Non-Parametric Tests

Wilcoxon Rank Sum Test

The Wilcoxon Rank Sum test is a non-parametric hypothesis test where the null hypothesis is that there is no difference in the populations (i.e., they have equal medians).

This test does assume that the two samples are independent, and both $n_1$ and $n_2$ are at least $10$. It should not be used if either of these assumptions are not met.

The test involves first ranking the data in both samples, taken together. Each data element is given a rank, $1$ through $n_1 + n_2$, from lowest to highest -- with ties resolved by ranking tied elements arbitrarily at first, and then replacing rankings of tied elements with the average rank of those tied elements.

So for example, ranking the data below $$\begin{array}{l|cccccccc} \textrm{Sample A} & 12 & 15 & 17 & 18 & 18 & 20 & 23 & 24\\\hline \textrm{Sample B} & 14 & 15 & 18 & 20 & 20 & 20 & 24 & 25\\ \end{array}$$ results in the following ranks $$\begin{array}{ccc} \textrm{value} & \textrm{initial rank} & \textrm{final rank}\\\hline 12 & 1 & 1\\ 14 & 2 & 2\\ 15 & 3 & 3.5\\ 15 & 4 & 3.5\\ 17 & 5 & 5\\ 18 & 6 & 7\\ 18 & 7 & 7\\ 18 & 8 & 7\\ 20 & 9 & 10.5\\ 20 & 10 & 10.5\\ 20 & 11 & 10.5\\ 20 & 12 & 10.5\\ 23 & 13 & 13\\ 24 & 14 & 14.5\\ 24 & 15 & 14.5\\ 25 & 16 & 16\\ \end{array}$$

Suppose $n_1$ denotes the size of the smaller sample and $n_2$ denotes the size of the other sample. Now define the following: $$\mu_R = \frac{n_1(n_1+n_2+1)}{2} \quad \textrm{ and } \quad \sigma_R = \sqrt{\frac{n_1 n_2 (n_1 + n_2 + 1)}{12}}$$ If $R$ is the sum of the ranks associated with elements from the sample of size $n_1$, then $$z = \frac{R - \mu_R}{\sigma_R}$$ is a test statistic that follows a standard normal distribution.

Kruskal-Wallis Test (i.e., H Test)

The Kruskal-Wallis Test can be used to test the claim (a null hypothesis) that there is no difference in the populations (i.e., they have equal medians) when there are 3 or more independent samples, provided they meet the additional assumption that the sample sizes are all at least 5.

To perform the test, we first rank all of the samples together, and then add the ranks associated with each sample.

Letting $R_i$ be the sum of the ranks for sample $i$, of size $n_i$, $N$ be the sum of all sample sizes $n_i$, and $k$ be the number of samples, the following test statistic

$$H = \frac{12}{N(N+1)}\left[\sum_{i=1}^k \frac{R^2_i}{n_i} \right] - 3(N+1)$$ follows a $\chi^2$ distribution with $k-1$ degrees of freedom.

This is a right-tailed test.

To see why this test statistic takes the form it does, consider the following:

Recall that a $\chi^2$-distribution is the distribution of a sum of the squares of independent standard normal random variables.

Under a presumption that the sample sizes, $n_i$, are not too small (remember, we required $n_i \ge 5$ for each sample), the $\overline{R_i}$ jointly will be approximately normally distributed.

(Note, we have relaxed our typical requirement that $n \ge 30$ down to $n \ge 5$ as the associated population is uniform.)

To make $H$ a sum of squares of standard normal random variables, we use $z$-scores for each observed average rank in a natural way:

$$H \approx \sum_{i=1}^k \left( \frac{\textrm{observed average rank} - \textrm{expected average rank}}{\displaystyle{\left(\frac{\textrm{standard deviation of ranks}}{\sqrt{n_i}}\right) }} \right)^2$$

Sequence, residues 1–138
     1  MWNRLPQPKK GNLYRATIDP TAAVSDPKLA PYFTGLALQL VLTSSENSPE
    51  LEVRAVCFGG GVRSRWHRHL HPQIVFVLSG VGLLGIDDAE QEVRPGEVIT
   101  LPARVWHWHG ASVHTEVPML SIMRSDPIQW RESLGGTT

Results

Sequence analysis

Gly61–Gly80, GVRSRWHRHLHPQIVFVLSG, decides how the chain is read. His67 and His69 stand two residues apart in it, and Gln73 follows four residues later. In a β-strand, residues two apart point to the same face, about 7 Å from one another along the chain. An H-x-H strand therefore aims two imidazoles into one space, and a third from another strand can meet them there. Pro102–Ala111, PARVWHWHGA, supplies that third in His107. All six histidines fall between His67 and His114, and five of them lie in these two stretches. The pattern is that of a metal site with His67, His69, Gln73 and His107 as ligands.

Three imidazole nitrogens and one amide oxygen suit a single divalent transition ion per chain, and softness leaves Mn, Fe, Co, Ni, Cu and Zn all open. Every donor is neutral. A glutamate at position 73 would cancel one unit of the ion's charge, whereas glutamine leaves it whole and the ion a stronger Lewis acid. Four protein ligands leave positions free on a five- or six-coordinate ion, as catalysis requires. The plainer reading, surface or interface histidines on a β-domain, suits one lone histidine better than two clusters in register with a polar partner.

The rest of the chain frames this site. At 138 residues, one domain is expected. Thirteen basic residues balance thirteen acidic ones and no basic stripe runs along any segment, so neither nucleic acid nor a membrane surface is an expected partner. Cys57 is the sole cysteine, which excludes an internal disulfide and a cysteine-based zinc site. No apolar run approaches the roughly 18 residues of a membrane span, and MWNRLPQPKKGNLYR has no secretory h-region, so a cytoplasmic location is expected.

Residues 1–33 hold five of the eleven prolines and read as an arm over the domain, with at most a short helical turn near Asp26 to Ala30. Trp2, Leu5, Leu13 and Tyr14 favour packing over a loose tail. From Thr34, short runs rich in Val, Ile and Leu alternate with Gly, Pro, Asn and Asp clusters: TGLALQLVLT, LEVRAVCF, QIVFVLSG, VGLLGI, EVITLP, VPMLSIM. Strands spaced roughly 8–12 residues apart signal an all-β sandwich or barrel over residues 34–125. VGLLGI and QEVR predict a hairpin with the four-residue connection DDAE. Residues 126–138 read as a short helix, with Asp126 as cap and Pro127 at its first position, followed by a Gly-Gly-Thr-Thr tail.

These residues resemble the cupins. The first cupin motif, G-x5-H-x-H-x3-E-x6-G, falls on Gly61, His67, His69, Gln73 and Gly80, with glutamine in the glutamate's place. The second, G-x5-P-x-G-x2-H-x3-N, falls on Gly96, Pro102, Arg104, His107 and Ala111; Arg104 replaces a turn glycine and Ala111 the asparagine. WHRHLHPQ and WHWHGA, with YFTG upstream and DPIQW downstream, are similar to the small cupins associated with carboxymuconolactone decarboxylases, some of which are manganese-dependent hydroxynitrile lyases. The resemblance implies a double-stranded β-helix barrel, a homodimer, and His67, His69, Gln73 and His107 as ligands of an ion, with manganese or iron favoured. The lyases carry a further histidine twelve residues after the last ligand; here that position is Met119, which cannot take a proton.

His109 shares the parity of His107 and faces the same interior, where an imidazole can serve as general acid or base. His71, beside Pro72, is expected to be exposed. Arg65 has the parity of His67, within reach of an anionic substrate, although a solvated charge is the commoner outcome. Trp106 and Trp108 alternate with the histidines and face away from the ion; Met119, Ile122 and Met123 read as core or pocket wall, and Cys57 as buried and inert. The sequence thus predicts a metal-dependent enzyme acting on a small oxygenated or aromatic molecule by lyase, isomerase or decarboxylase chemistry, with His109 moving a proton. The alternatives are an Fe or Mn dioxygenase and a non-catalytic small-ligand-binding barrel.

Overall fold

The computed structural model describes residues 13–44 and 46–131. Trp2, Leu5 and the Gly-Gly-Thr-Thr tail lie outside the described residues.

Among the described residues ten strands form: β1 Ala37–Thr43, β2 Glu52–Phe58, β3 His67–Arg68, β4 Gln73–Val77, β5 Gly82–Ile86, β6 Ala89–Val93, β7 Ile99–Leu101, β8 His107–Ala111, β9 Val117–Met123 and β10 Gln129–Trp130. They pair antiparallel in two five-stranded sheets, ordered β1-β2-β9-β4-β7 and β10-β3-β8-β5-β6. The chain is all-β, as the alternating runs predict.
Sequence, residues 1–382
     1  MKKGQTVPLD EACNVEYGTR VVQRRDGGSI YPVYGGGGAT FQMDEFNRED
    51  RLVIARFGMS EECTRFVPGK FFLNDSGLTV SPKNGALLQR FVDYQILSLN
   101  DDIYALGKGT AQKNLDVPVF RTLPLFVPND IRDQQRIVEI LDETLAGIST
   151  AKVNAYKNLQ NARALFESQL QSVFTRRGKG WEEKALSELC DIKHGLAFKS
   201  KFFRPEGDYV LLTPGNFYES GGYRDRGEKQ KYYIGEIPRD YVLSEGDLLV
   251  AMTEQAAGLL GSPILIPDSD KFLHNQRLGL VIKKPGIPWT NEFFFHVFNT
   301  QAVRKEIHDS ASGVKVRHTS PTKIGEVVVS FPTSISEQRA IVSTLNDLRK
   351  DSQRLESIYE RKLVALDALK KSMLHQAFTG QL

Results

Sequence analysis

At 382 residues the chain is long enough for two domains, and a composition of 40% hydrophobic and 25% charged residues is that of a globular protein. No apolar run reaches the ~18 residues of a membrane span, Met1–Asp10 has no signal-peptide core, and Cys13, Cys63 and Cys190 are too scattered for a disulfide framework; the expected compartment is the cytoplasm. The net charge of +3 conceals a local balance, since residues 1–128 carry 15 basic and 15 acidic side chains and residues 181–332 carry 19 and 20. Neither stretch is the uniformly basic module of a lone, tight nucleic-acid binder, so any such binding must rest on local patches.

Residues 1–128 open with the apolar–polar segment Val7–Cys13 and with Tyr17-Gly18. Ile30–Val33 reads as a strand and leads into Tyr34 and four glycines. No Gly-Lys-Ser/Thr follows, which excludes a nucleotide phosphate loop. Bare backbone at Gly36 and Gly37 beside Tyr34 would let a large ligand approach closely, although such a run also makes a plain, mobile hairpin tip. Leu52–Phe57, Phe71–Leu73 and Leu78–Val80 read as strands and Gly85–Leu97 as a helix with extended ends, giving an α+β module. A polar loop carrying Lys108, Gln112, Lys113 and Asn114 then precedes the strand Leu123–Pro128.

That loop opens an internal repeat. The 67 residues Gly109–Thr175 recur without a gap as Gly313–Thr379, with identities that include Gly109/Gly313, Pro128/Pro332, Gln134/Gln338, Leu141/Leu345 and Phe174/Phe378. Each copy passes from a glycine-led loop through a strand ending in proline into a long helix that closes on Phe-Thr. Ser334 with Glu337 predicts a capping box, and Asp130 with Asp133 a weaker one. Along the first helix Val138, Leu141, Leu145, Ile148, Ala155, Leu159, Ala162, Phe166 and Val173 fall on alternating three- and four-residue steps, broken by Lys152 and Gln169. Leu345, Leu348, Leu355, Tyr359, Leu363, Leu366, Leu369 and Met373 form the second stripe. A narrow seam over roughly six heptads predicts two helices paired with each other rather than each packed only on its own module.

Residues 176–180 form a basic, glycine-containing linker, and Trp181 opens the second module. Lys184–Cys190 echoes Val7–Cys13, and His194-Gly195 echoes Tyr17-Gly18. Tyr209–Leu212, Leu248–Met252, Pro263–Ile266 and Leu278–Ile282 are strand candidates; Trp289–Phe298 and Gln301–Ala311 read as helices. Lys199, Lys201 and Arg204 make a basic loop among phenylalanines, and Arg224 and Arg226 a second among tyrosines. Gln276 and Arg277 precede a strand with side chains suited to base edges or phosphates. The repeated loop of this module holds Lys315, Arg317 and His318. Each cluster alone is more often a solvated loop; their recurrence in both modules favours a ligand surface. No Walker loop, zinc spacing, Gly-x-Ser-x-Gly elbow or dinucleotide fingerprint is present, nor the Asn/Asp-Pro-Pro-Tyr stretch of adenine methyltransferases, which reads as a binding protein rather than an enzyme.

Given the null hypothesis that there is no difference between the populations with regard to their medians, we can expect the ranks 1 to $N$ seen in the samples are distributed uniformly. Recalling that the expected value and variance of such a uniform distribution $X$ are given by $$E(X) = \frac{N+1}{2} \quad \quad \textrm{ and } \quad \quad Var(X) = (SD(X))^2 = \frac{N^2-1}{12}$$ we make the following substitutions:

$$H \approx \sum_{i=1}^k \frac{n_i \left[\overline{R_i} - \frac{N+1}{2} \right]^2}{\frac{N^2 - 1}{12}}$$

Adding a factor of $(N-1)/N$ to correct bias (much like Bessel's correction), we have:

$$H = \frac{N-1}{N}\sum_{i=1}^k \frac{n_i \left[\overline{R_i} - \frac{N+1}{2} \right]^2}{\frac{N^2 - 1}{12}}$$

From here, we just use algebra to rewrite $H$ in a form more convenient for calculation:

$$\begin{array}{rcl} H &=& \displaystyle{\frac{N-1}{N}\sum_{i=1}^k \frac{n_i \left[\frac{R_i}{n_i} - \frac{N+1}{2} \right]^2}{\frac{N^2 - 1}{12}}}\\\\ &=& \displaystyle{\frac{12}{N^2-1} \cdot \frac{N-1}{N} \cdot \sum_{i=1}^k \left[ n_i \left( \frac{R_i^2}{n_i^2} - \frac{R_i}{n_i}(N+1) + \frac{(N+1)^2}{4}\right) \right]}\\\\ &=& \displaystyle{\frac{12}{N(N+1)} \cdot \sum_{i=1}^k \left(\frac{R_i^2}{n_i} - R_i (N+1) + \frac{(N+1)^2}{4} n_i \right)}\\\\ &=& \displaystyle{\frac{12}{N(N+1)} \cdot \left[ \sum_{i=1}^k \frac{R_i^2}{n_i} - \sum_{i=1}^k R_i(N+1) + \sum_{i=1}^k\frac{(N+1)^2}{4}n_i \right]}\\\\ &=& \displaystyle{\frac{12}{N(N+1)} \cdot \left[ \sum_{i=1}^k \frac{R_i^2}{n_i} - (N+1)\sum_{i=1}^k R_i + \frac{(N+1)^2}{4}\sum_{i=1}^kn_i \right]}\\\\ &=& \displaystyle{\frac{12}{N(N+1)} \cdot \left[ \sum_{i=1}^k \frac{R_i^2}{n_i} - (N+1) \cdot \frac{N(N+1)}{2} + \frac{(N+1)^2}{4} \cdot N \right]}\\\\ &=& \displaystyle{\frac{12}{N(N+1)} \cdot \left[ \sum_{i=1}^k \frac{R_i^2}{n_i} \right] - 6(N+1) + 3(N+1)}\\\\ &=& \displaystyle{\frac{12}{N(N+1)} \cdot \left[ \sum_{i=1}^k \frac{R_i^2}{n_i} \right] - 3(N+1)}\\\\ \end{array}$$